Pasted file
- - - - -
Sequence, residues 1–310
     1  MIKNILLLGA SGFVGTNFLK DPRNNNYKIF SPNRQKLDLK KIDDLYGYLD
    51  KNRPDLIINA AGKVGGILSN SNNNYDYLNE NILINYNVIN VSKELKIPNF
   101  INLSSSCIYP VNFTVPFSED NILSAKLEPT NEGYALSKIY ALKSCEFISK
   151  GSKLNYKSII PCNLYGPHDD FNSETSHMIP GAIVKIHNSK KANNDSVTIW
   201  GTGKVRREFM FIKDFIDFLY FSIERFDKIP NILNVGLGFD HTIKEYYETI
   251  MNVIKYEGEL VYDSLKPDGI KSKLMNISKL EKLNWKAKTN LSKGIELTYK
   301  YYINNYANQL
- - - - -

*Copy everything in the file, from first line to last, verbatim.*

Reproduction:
Sequence, residues 1–310
     1  MIKNILLLGA SGFVGTNFLK DPRNNNYKIF SPNRQKLDLK KIDDLYGYLD
    51  KNRPDLIINA AGKVGGILSN SNNNYDYLNE NILINYNVIN VSKELKIPNF
   101  INLSSSCIYP VNFTVPFSED NILSAKLEPT NEGYALSKIY ALKSCEFISK
   151  GSKLNYKSII PCNLYGPHDD FNSETSHMIP GAIVKIHNSK KANNDSVTIW
   201  GTGKVRREFM FIKDFIDFLY FSIERFDKIP NILNVGLGFD HTIKEYYETI
   251  MNVIKYEGEL VYDSLKPDGI KSKLMNISKL EKLNWKAKTN LSKGIELTYK
   301  YYINNYANQL